Data from: Species-wide patterns of DNA methylation variation in Quercus lobata and their association with climate gradients
Gugger, Paul F.; Fitz-Gibbon, Sorel; Pellegrini, Matteo; Sork, Victoria L. (2016), Data from: Species-wide patterns of DNA methylation variation in Quercus lobata and their association with climate gradients, Dryad, Dataset, https://doi.org/10.5061/dryad.1b01r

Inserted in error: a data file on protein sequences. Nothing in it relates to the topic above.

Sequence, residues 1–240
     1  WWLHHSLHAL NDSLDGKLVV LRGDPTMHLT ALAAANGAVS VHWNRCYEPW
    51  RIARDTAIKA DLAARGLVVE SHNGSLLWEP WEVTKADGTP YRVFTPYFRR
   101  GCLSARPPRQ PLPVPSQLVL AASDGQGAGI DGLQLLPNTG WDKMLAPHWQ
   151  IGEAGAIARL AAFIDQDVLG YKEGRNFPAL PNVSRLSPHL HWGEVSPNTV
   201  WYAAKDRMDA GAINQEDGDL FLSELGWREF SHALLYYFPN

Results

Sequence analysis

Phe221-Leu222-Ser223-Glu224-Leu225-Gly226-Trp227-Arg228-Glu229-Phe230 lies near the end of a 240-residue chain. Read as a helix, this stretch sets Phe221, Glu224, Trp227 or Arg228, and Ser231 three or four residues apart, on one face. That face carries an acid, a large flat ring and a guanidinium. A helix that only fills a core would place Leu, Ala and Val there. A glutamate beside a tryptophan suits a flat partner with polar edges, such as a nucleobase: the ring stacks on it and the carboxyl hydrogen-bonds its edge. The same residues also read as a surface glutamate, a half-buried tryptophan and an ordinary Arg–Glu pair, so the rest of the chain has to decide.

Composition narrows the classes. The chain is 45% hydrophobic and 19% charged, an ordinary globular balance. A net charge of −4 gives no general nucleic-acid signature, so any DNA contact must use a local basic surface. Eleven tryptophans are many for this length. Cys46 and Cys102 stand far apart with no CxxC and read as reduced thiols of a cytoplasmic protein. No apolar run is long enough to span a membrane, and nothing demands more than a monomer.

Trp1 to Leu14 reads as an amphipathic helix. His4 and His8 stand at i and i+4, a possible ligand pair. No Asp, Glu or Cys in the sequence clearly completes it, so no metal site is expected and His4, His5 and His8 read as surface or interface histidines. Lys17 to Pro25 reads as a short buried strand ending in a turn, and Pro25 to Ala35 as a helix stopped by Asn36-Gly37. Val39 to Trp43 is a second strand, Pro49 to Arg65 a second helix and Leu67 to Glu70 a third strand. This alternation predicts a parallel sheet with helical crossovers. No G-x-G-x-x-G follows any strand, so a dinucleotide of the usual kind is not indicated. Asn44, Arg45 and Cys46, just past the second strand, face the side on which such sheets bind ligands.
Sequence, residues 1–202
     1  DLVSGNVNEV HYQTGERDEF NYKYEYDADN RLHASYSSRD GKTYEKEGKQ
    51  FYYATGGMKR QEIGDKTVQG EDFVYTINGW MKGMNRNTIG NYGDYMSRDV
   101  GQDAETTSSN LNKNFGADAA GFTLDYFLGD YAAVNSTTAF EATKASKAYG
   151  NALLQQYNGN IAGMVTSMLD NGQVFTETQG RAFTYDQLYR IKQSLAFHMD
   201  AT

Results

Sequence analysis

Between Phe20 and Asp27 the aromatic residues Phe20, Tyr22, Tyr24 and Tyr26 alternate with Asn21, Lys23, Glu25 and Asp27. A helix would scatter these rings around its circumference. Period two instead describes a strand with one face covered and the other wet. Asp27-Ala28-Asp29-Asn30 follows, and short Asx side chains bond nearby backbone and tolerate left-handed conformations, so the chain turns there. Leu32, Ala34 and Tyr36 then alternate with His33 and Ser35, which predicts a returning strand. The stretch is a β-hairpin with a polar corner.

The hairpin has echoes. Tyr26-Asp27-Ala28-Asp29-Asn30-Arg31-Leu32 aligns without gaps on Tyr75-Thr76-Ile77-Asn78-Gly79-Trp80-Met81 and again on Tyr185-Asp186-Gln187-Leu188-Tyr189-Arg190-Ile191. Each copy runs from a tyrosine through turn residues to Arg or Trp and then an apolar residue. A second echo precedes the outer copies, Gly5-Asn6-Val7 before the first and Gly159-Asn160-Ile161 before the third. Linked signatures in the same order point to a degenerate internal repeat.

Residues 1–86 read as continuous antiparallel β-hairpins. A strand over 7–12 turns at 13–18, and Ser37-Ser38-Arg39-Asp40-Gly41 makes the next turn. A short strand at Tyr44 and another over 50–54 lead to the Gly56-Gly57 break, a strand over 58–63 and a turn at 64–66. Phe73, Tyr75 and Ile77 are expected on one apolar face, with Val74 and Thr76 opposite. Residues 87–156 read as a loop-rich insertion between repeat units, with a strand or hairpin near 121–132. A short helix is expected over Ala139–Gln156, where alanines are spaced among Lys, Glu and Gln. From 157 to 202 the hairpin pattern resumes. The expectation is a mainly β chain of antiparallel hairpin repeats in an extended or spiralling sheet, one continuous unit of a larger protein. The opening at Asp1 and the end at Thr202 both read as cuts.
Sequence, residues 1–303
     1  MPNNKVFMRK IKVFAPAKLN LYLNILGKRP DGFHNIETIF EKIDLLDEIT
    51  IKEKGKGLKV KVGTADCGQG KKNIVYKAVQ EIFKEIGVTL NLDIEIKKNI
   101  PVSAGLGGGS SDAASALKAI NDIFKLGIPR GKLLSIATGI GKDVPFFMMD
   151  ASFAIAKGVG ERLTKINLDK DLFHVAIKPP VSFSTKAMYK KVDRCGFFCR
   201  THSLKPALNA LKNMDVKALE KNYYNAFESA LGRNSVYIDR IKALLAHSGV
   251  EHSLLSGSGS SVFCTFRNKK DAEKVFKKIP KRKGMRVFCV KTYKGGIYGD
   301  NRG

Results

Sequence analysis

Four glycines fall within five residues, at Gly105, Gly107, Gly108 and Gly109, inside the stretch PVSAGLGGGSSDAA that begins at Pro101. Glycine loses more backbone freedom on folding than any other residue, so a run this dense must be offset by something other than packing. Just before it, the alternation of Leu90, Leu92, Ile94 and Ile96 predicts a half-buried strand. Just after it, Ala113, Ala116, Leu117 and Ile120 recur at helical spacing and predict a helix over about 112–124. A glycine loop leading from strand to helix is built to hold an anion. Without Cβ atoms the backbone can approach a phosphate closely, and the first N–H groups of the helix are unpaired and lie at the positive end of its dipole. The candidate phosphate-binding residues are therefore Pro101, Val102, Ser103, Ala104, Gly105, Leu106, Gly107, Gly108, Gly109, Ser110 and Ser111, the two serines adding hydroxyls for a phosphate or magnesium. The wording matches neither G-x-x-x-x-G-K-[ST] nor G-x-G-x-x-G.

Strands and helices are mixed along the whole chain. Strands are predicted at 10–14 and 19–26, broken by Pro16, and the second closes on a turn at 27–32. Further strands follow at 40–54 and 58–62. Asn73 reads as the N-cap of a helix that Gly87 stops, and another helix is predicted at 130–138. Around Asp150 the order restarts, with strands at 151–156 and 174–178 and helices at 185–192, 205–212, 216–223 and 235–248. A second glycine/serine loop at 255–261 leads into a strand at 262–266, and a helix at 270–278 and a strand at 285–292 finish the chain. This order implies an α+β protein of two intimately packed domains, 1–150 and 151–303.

DNA methylation in plants affects transposon silencing, transcriptional regulation and thus phenotypic variation. One unanswered question is whether DNA methylation could be involved in local adaptation of plant populations to their environments. If methylation alters phenotypes to improve plant response to the environment, then methylation sites or the genes that affect them could be a target of natural selection. Using reduced-representation bisulphite sequencing (RRBS) data, we assessed whether climate is associated with variation in DNA methylation levels among 58 naturally occurring, and species-wide samples of valley oak (Quercus lobata) collected across climate gradients. We identified the genomic context of these variants referencing a new draft valley oak genome sequence. Methylation data were obtained for 341 107 cytosines, of which we deemed 57 488 as single-methylation variants (SMVs), found in the CG, CHG and CHH sequence contexts. Environmental association analyses revealed 43 specific SMVs that are significantly associated with any of four climate variables, the majority of which are associated with mean maximum temperature. The 43 climate-associated SMVs tend to occur in or near genes, several of which have known involvement in plant response to environment. Multivariate analyses show that climate and spatial variables explain more overall variance in CG-SMVs among individuals than in SNPs, CHG-SMVs or CHH-SMVs. Together, these results from natural oak populations provide initial evidence for a role of CG methylation in locally adaptive evolution or plasticity in plant response.